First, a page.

Sunday, May 16, 2010

The Way of the Dodo

"The phrase dead as a dodo means undoubtedly and unquestionably dead, whilst the phrase to go the way of the dodo means to become extinct or obsolete, to fall out of common usage or practice, or to become a thing of the past." -Wikipedia

The May 20, 2010 issue of New York Teacher (official newsletter of New York State United Teachers Union) contained the following survey results:

In New York, regulations state that
"Grades seven and eight are required to have the equivalent of one period a week of instruction in 'library and information skills.' Part 100.4 (c). Research shows that these lessons are most effective when integrated with classroom objectives and achieved through cooperative planning by the Library Media Specialist and the academic classroom teacher."

While the services of a SLMS are mandated for high school libraries, there is no such directive pertaining to elementary libraries.

A recent article in the Albany Times-Union begins with a startling statement, "Children may someday file school librarian with the dodo bird or Caspian tiger under extinction," then proceeds to explain why this is so.

The NY Teacher poll demonstrates the support of education professionals for elementary librarians.

Unfortunately, some members of the public might be more inclined to agree with the comment Devils Advocate left on the newspaper's webpage:

"While I fully appreciate the concern with losing a position in a school, I do believe that there are worse case scenarios. I do not mean to undercut the role of the librarian. However, public libraries and librarians are available to us free of charge. If we were to lose an art or music teacher we would have to self-fund our childrens lessons in these areas... I think we should prepare ourselves to be as objective as possible in these tight budget times and choose to take up the causes that are most relevant to our childrens overall educations."

...or wonder, like another reader,
"Why do elementary schools need separate librarians? Can’t each child’s teacher recommend books for the child to read?"

Hopefully, there are others like "Pat," who says,

"Let’s hope the children of Bethlehem will not be considered dodo birds when they are required to navigate the fast paced world of information. Wake up, Bethlehem BOE...library media teachers today are teaching children to find, analyze, evaluate, and synthesize information to make decisions or solve problems and share their conclusions with others. Elementary children are not just sitting on the rug listening to stories. More likely they are using or creating podcasts, webpages, databases, and digital images as well as reading books and periodicals. The library media teacher is uniquely qualified to locate and purchase the best materials and encourage and support each student’s individual path to literacy. Shame on you Bethlehem!"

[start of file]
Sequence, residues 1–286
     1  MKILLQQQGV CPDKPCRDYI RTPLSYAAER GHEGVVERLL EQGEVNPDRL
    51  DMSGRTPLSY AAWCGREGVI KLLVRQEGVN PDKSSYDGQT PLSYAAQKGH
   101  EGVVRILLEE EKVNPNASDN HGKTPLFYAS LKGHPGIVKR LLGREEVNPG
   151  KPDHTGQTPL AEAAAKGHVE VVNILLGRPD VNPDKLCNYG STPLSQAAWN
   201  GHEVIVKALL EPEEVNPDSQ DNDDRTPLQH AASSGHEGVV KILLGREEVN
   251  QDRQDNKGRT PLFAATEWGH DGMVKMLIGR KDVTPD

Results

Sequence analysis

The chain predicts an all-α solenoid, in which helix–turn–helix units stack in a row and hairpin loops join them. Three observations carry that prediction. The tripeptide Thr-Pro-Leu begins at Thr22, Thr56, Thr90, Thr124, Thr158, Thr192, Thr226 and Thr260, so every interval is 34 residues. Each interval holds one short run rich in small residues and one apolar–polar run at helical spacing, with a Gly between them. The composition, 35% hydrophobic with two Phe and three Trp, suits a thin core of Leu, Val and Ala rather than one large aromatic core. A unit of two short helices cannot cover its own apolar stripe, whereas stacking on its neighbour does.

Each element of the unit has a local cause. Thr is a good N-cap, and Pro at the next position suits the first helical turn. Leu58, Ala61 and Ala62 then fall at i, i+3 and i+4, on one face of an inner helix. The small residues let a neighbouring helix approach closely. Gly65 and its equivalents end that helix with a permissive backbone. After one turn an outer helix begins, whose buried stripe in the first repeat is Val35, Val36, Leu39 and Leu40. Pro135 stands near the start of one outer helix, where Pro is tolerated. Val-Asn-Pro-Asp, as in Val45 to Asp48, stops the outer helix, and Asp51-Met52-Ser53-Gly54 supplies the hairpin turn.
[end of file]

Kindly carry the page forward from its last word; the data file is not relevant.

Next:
It would seem that those who encounter skilled teacher/librarians, effectively working with students and colleagues in a creative, collaborative program, understand and support school libraries.

Is the problem that there are too few SLMS cast in that model or that their efforts are too little known? What needs to happen to prevent school librarians from disappearing, like "the dodo bird or Caspian tiger"?

Once a species is extinct, it does not reappear.

"Dodo" by Ballista


Lord Dodo said...

I sincerely hope - in all seriousness - that the fate of the librarian nor the library nor books themselves do not go the way of the dodo. We produce a light-hearted range of engagement diaries and organizers - and have done so for almost 45 years. Despite the advent and development of technology our business is, thankfully, thriving. The written word - in print or by hand lives.

I hope the same can be said in the future for us all.

Sincere regards,

Lord Dodo

Jackie Ballarini said...

Timely post for me. Our librarian (high school) is retiring this year - and not being replaced. Her duties are being divided among other staff members. I'm not sure the position will ever come back to our building.

diane said...


That is our great fear: that what is lost will not be replaced.

In most schools, librarians interact across grade levels and subject areas. In a best case scenario, they function as tech integrationists as well as an transliteracy specialists.

Those who can't or won't adapt to the changing information landscape need to reconsider their professional orientation.